You have mentioned the new T-Max 400 film. A nice film, quite different from the first version. You have to do new tests with developers and times to get the best with the new emulsion. Different film, but same name. Was Kodak fooling the customers? I don’t think so. Keeping established names for product lines is quite common in this industry. Look at Ilford: The Delta 400 emulsion was modified two times (1994 and 2000), name Delta 400 stayed, FP4 and HP5 were replaced by FP4+ and HP5+, XP2 by XP2 super.

    But in the end, my personal experiences with my own (Dutch) customers is that photographers are not interested in names of films, but only in quality and price. If they like the film, it doesn’t matter at all whether Kodak, Freestyle, Adox, Ilford, Bergger or Rollei-Film is printed on the box. The pictures counts, not names.

    There will be plenty of discussions this year about original APX vs. Maco's relabeled Agfa films vs. Adox' films made on the used Agfa machines vs. all other films around 100 ASA.
    We have already seen the reactions of the market and some companies long ago: With closing of the AgfaPhoto Leverkusen plant, and the following strong price decrease of the remaining AgfaPhoto film stock (sold as AgfaPhoto APX and Rollei Retro films) a market for very cheap high quality film with classic cubic crystal emulsions was established.
    This now quite cheap old AgfaPhoto film stock attracted lots of users, especially beginners, students and photographers with low budgets, and was very successful on the market.

    Freestyle reacted first and entered the competition in this (new) low price market with his Arista Premium and Legacy Pro films.
    Then Ilford answered with its Kentmere films. All low price, high quality products aiming at photographers who are or have to be price sensitive.
    And now InovisCoat is working on their new APX based emulsions for this market. Main part of the planned production will be sold again as AgfaPhoto APX, the brand name used by Lupus Imaging. They will do worldwide distribution. And later the films should be available as Adox, too.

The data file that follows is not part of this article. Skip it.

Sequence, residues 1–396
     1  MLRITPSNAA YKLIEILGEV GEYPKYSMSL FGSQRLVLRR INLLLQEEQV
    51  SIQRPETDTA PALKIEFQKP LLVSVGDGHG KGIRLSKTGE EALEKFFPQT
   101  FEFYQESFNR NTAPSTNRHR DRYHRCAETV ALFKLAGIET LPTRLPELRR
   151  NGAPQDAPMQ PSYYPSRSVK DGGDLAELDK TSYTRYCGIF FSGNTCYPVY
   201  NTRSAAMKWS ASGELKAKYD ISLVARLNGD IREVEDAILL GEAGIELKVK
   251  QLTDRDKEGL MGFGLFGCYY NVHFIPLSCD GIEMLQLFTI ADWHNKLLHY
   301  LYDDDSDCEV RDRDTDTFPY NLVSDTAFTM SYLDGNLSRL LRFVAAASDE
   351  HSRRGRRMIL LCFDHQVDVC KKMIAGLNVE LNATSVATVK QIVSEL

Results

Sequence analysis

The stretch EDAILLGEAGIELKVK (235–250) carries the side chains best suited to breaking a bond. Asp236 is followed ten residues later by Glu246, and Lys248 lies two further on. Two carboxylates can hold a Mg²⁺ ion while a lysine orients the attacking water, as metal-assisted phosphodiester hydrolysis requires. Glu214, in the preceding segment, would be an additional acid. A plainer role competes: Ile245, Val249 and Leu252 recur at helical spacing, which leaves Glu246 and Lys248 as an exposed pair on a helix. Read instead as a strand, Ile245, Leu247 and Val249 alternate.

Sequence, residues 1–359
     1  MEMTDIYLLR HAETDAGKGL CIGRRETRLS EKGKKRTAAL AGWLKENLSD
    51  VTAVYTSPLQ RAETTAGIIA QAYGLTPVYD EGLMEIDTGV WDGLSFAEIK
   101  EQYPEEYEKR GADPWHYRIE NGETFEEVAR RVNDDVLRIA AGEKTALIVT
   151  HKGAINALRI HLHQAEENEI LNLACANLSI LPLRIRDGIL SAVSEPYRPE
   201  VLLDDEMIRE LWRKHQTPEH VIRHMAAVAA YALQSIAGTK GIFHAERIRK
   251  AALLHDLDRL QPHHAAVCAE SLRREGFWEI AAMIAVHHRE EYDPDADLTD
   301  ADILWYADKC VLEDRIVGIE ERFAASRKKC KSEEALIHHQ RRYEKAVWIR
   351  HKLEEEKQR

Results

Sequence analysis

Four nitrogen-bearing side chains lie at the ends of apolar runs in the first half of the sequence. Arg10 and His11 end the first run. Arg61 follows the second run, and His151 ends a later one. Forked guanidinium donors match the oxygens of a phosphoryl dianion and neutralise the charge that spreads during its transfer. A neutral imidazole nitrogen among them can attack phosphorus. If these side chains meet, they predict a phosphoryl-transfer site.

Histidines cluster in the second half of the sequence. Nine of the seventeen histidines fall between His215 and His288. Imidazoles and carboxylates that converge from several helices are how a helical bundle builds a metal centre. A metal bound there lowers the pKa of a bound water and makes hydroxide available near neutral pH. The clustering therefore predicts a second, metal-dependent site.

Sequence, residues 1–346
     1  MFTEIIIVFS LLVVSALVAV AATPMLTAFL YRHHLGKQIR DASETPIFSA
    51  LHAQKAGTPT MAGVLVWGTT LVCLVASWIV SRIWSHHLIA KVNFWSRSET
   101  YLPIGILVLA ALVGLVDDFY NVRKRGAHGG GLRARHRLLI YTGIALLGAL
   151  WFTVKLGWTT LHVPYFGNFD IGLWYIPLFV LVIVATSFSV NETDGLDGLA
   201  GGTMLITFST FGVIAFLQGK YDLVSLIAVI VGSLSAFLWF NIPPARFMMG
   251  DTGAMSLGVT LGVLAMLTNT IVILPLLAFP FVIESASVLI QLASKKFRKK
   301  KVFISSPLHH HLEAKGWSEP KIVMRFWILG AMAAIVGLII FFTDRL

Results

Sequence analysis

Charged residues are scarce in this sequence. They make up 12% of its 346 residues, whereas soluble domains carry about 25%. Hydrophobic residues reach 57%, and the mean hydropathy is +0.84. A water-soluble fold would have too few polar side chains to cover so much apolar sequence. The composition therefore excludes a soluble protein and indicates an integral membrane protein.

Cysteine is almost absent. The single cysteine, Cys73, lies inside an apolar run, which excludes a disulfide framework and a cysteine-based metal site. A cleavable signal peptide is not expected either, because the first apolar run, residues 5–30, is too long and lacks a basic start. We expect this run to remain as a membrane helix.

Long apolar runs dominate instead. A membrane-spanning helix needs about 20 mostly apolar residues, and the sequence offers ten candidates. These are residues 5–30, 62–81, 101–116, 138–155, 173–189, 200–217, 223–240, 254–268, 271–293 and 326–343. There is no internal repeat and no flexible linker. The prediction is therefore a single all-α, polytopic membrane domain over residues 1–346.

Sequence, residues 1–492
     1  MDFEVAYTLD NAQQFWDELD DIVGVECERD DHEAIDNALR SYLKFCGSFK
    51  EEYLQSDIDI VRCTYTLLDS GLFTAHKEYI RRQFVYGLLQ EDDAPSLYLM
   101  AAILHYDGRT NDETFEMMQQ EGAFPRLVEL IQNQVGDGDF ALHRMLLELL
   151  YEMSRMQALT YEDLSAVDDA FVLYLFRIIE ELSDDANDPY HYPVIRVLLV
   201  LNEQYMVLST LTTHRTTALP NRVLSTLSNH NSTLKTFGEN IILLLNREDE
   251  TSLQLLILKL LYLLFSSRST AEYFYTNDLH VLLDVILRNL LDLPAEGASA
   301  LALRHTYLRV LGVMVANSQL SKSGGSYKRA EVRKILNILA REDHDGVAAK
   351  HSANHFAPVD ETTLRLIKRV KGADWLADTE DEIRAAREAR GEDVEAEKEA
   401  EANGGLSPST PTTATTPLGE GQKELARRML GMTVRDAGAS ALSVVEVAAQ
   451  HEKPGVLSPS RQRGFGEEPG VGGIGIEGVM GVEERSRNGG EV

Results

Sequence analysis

We have a free market, everyone has the right to offer products, and several companies are already offering products in this market segment.
    But, Rollei Retro 100 Tonal is not intended for this market segment.

    In the end photographers will make their choice, and manufactureres and distributers will have to accept that.

    But for sure I hope the film will find it's way via the regular sales channels.

    best regards,

    Robert

    (Dutch Rollei-Maco distributor)

  3. #33
    cmo
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    Quote Originally Posted by RobertV View Post
    If you say that Maco is only a marketing company, then you have to be consequent and must say that all photo companies which are ordering custom coatings and have established their own brand names are only marketing companies.
    Freestyle, Tetenal, Fotospeed, Adox, Bergger and many other firms have all established their own brand name (and they are responsible for the product quality of these own brands) and are distributing products under these brands, which are produced by other specialised companies.
    Nobody ever doubted that. The only reason why people say that there is a difference between a manufacturer and a marketing company is that sometimes marketing companies are not really clear about the content of the boxes. Freestyle sells rebranded Acros, for example, but they make no secret out of it, and there are other examples. Most companies do not make a secret out of it because it helps to sell. Only very few companies - only one comes to my mind - promise so much greatness in such a high dosis in so many posts in so many forums by so many users that it's quite obvious for everyone that the marketing aspect of their activity is a little too emphasized for many people. A little less would be more. I cannot remember that Freestyle, Tetenal, Fotospeed, Adox, Bergger ever promised the world nor did they praise themselves in such a ridiculous way.

    Quote Originally Posted by RobertV View Post
    Photographers, who know a little bit about the market, would never say that companies like Freestyle, Adox or Maco are only marketing companies.
    I am a photographer and know a little bit about the market, and I know many others, and most of them would say they are suppliers, but not manufacturers.

    Quote Originally Posted by RobertV View Post
    If you think it is all about marketing and advertising, then try to order some film or paper from Kodak, Fuji, Agfa, InovisCoat, Foma or Efke and establish your own film brand. If you prefer Kodak film? Then ask Kodak and order some masterrolls, create a brand name and start a business which will make all the things so much better compared to the companies you have criticised. Good luck.